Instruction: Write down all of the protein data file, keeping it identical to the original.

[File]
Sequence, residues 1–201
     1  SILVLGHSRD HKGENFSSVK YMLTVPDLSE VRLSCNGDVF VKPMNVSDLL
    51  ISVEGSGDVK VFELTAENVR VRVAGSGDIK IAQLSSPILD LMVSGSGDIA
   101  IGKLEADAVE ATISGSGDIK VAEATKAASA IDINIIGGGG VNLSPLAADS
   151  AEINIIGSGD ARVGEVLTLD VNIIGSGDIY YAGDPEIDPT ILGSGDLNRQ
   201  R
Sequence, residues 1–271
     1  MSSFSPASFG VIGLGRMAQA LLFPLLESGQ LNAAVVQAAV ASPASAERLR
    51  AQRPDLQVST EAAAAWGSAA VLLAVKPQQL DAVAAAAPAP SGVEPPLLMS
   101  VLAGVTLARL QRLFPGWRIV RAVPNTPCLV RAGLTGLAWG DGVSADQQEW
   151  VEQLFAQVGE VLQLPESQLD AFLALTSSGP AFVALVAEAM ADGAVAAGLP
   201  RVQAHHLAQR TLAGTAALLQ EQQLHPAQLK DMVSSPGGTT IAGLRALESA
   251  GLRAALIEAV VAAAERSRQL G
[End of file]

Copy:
Sequence, residues 1–201
     1  SILVLGHSRD HKGENFSSVK YMLTVPDLSE VRLSCNGDVF VKPMNVSDLL
    51  ISVEGSGDVK VFELTAENVR VRVAGSGDIK IAQLSSPILD LMVSGSGDIA
   101  IGKLEADAVE ATISGSGDIK VAEATKAASA IDINIIGGGG VNLSPLAADS
   151  AEINIIGSGD ARVGEVLTLD VNIIGSGDIY YAGDPEIDPT ILGSGDLNRQ
   201  R
Sequence, residues 1–271
     1  MSSFSPASFG VIGLGRMAQA LLFPLLESGQ LNAAVVQAAV ASPASAERLR
    51  AQRPDLQVST EAAAAWGSAA VLLAVKPQQL DAVAAAAPAP SGVEPPLLMS
   101  VLAGVTLARL QRLFPGWRIV RAVPNTPCLV RAGLTGLAWG DGVSADQQEW
   151  VEQLFAQVGE VLQLPESQLD AFLALTSSGP AFVALVAEAM ADGAVAAGLP
   201  RVQAHHLAQR TLAGTAALLQ EQQLHPAQLK DMVSSPGGTT IAGLRALESA
   251  GLRAALIEAV VAAAERSRQL G